M.R. O’Connor asks the questions we didn’t think to pose. “Does foreign aid perpetuate poverty? Did feminism give birth to Girls Gone Wild? Is species extinction ever ok?” This last question is at the heart of her provocative book, Resurrection Science, an exploration of efforts to save and even revive animal species. From New York’s DNA equivalent to Noah’s Ark, to San Diego’s Frozen Zoo full of animal tissues a la Walt Disney’s head, to a Russian scientist going all Jurassic Park on wooly mammoths, and a Harvard geneticist suggesting Neanderthals be bred with humans, O’Connor visits the people and places involved in fighting extinction. Throughout she keeps a straight face, even when she seems to have gone through the mirror. Because ultimately efforts to fight extinction have implications for our own survival, the resurrection of threatened species affecting us body and soul.


steven lee beeber: Your book begins by discussing something called the “sixth extinction.” What is this?

m.r. o’connor: The idea is that there have been five mass extinctions in Earth’s history, each caused by ecological disruptions such as meteorites or climate changes. Now we are living through or at the advent of a sixth extinction, this one caused by humans.

conduit: Why are so many species threatened?

o'connor: We hear a lot about global warming, but there is also deforestation, damming, pollution. Any hazardous disruption as a result of human sprawl and development can threaten animals. In the nineteenth century, when people started realizing that animals could go extinct, the main causes were over-hunting, over-exploitation, killing with abandon. There are stories from that time of people going out and finding the last few specimens of a species and shooting them to bring them into natural history museums.

conduit: In your book, you discuss a twenty-first century version of this happening underground in New York City.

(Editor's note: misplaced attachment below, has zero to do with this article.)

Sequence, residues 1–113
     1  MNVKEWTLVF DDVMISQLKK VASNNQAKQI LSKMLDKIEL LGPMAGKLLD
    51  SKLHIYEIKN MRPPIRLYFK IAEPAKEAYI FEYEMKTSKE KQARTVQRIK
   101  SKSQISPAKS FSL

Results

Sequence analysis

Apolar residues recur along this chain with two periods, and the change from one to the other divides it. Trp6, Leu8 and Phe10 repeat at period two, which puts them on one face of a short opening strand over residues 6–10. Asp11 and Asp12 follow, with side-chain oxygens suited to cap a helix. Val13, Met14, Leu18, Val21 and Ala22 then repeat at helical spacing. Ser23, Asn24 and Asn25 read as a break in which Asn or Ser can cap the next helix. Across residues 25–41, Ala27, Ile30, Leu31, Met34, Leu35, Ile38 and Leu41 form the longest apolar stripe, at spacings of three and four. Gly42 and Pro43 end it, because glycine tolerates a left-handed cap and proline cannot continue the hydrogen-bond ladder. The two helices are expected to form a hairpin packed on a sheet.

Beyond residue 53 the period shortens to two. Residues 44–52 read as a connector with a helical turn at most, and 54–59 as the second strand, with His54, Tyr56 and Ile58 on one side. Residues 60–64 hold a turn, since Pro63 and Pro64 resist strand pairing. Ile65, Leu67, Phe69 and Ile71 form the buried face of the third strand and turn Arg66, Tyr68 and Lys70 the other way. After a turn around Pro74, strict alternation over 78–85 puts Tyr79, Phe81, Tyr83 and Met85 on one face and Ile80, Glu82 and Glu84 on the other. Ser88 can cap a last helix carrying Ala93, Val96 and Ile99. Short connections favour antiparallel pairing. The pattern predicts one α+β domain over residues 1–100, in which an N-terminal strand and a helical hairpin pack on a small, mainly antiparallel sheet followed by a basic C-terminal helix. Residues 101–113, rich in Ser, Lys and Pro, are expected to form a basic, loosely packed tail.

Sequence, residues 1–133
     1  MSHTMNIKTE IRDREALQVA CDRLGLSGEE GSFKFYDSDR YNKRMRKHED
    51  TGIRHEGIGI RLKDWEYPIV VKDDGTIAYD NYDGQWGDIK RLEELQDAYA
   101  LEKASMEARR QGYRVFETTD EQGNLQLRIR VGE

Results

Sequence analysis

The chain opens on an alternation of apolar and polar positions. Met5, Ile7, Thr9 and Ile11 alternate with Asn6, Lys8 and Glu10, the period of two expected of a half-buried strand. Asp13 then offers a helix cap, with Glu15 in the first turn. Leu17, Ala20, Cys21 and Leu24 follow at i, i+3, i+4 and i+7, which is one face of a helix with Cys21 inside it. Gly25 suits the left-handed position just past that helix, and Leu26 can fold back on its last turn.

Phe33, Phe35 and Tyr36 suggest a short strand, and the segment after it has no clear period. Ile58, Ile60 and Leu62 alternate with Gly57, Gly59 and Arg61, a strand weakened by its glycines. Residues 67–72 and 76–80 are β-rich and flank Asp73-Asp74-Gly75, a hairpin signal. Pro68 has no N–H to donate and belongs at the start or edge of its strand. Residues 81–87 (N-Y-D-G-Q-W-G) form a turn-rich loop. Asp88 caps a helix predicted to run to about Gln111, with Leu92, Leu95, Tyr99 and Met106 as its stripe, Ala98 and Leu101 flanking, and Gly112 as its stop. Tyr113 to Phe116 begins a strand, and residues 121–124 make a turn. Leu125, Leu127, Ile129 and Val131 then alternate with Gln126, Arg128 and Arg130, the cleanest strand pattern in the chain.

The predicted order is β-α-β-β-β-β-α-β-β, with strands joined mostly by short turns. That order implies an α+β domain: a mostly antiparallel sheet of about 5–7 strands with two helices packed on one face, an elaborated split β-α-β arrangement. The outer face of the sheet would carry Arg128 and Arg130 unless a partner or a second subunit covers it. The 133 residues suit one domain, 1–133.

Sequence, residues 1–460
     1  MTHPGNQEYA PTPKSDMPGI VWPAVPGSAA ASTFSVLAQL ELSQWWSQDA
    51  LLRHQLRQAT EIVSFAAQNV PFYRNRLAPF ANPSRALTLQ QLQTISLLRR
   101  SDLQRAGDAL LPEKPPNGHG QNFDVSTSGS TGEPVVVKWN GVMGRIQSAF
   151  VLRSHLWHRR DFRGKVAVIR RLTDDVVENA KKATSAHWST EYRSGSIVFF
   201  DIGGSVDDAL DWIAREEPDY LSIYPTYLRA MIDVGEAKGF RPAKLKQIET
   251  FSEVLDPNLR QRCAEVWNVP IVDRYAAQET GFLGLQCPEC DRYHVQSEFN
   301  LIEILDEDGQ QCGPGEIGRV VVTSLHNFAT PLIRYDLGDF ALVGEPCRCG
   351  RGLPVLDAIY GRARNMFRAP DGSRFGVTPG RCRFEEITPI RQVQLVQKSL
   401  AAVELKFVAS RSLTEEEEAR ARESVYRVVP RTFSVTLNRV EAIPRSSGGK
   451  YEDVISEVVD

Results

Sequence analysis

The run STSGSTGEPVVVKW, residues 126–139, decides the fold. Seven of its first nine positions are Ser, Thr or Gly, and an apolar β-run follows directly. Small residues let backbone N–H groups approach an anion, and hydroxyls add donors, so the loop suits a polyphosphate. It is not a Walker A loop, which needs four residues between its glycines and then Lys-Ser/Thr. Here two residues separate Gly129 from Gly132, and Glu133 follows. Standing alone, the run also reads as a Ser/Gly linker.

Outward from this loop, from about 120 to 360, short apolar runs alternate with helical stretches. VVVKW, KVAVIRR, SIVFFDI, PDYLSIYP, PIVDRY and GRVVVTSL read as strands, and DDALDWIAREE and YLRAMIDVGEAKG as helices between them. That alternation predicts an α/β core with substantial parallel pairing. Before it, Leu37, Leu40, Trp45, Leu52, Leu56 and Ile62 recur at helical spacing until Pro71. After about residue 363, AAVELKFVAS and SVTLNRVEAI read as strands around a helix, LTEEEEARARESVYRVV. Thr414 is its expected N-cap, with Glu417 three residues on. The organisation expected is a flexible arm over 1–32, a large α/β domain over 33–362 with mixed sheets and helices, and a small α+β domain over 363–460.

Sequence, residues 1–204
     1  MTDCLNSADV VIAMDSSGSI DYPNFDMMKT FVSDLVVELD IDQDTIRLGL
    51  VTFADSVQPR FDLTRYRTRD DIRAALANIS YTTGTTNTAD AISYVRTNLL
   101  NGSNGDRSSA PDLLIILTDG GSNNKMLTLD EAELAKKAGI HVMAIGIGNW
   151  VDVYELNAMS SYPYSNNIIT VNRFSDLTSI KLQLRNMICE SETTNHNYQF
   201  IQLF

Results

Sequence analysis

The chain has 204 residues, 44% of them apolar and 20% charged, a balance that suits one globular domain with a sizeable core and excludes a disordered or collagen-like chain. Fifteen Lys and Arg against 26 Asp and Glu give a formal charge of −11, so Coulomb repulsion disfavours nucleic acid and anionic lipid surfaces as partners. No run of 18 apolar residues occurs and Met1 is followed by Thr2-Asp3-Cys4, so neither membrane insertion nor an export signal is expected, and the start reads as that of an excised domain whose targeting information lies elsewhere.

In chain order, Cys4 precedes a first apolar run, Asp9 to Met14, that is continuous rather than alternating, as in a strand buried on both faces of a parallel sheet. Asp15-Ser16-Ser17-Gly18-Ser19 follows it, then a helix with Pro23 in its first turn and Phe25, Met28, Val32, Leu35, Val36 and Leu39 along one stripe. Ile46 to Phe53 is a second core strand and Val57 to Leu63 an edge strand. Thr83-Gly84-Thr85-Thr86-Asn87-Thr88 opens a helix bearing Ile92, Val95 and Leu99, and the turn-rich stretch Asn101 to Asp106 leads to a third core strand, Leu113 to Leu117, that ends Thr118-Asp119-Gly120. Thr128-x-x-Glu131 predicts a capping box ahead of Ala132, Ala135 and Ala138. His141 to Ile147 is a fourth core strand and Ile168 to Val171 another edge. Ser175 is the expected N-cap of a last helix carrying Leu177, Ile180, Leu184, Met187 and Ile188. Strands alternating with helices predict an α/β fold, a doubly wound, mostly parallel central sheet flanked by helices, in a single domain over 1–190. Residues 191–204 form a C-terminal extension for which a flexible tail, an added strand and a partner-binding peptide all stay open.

o'connor: You mean the Ambrose Monell Cryo Collection?

conduit:Yes. The place where they keep frozen genetic samples of various endangered species, sort of like with Walt Disney’s head. Can you discuss what’s involved there and some of the ethical questions related to it?

o'connor: One of the ideas that initially got me interested in writing about conservation was the fact that in different places around the world there’s been a movement to create these “frozen arks.” Basically, it works like this. Since within endangered populations there’s often a loss of genetic diversity, one way scientists can respond is freezing genetic material. One of the first examples that I became aware of was called the Frozen Ark; it’s an initiative out of England where scientists have been preserving valuable tissues representing threatened species. But there are different objectives of freezing. The Frozen Ark is a literal attempt to save genes by freezing them. The Cryo Collection—which I visited for the book—is located beneath the American Museum of Natural History and has a different aim. It used to be that biologists and natural history museums were trying to understand the web of life by looking at actual specimens of animals from the wild—now, because of our technology, they can look at genomes, they can try to understand the web of life by looking at the genetic relationships between species and animals. So the Cryo Collection is basically taking genetic samples and freezing them at one hundred and sixty degrees below zero for research purposes. They have about ninety thousand, but the capacity for the collection is much more than that. It can hold millions of these tissue samples for research. There’s another really interesting example of this trend, the Frozen Zoo, which is part of the San Diego Zoo out on the West Coast. They’re also freezing tissue samples, though their objective is to use in vitro fertilization processes to try and reintroduce diversity to really, really small populations of endangered animals. The idea that in the throes of this global warming process, we’re actually freezing animals in order to save them, I think, is really emblematic and ironic.